Film - Documentary | January 25 | 7:10 p.m. | Berkeley Art Museum and Pacific Film Archive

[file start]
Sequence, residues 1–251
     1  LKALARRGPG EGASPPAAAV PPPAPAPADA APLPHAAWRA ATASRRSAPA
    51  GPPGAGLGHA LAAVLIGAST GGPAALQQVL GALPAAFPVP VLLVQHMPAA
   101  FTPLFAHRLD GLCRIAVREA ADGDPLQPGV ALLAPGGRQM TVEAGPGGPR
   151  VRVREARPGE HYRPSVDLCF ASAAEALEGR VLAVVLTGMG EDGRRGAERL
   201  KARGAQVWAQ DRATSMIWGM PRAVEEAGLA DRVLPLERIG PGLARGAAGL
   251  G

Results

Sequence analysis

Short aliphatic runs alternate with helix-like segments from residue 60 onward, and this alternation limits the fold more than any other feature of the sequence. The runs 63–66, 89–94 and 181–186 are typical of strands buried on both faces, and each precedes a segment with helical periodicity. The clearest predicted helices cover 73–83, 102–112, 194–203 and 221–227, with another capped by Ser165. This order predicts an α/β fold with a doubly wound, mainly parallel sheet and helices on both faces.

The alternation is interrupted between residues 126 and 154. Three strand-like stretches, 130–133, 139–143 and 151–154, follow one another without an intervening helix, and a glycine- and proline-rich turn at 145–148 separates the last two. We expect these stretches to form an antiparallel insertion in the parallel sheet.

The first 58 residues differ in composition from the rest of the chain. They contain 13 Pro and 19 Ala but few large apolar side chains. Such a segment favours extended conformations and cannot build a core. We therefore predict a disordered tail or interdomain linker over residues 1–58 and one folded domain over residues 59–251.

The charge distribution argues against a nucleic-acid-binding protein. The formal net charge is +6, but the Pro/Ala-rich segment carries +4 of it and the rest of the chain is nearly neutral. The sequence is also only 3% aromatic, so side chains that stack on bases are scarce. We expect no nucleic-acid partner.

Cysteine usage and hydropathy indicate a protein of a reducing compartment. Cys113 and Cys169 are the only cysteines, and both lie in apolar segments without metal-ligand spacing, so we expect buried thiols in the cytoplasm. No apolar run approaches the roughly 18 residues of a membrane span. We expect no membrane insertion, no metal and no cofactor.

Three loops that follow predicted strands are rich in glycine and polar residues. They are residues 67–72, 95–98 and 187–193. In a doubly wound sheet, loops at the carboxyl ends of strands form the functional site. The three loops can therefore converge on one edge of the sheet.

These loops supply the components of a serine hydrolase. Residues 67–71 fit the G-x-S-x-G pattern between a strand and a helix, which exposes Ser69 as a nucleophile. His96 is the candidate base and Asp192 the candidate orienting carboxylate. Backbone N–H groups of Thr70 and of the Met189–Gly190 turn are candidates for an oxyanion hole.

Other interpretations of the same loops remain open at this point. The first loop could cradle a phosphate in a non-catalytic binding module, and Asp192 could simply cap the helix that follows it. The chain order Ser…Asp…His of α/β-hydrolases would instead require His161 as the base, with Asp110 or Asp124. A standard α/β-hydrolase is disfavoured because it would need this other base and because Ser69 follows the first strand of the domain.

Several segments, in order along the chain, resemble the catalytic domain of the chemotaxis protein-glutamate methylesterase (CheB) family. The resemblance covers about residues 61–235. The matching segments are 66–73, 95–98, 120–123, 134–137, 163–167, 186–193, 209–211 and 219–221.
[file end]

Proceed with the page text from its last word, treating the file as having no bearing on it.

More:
The First Amendments protection of freedom of expression has allowed progressive voices to argue powerfully for tolerance, equality, and social change. But what happens when that freedom is used to express intolerance and hate? Charlene Sterns documentary Near Normal Man, about her father, Holocaust survivor Ben Stern, illustrates the challenges of maintaining First Amendment rights while protecting the wellbeing of all citizens. In 1976, faced with the prospect of a legal Nazi march through the streets of Skokie, Illinois, Stern mobilized a massive counterprotest with the rallying cry Not Here! Not Now! Despite being on opposite sides of the argument in Skokie, Ben Stern and First Amendment advocate Ira Glasser share a profound mutual respect. This evening Stern and Glasser join us to explore how the questions and challenges they faced in Skokie reverberate in America forty years later. Charlene Stern, Manu Meel, and others add their voices to a discussion moderated by Edward Wasserman. This is one of a series of events copresented by the UC Berkeley chancellors office to reflect on the legacy and current significance of the Free Speech Movement, born in Berkeley in 1964.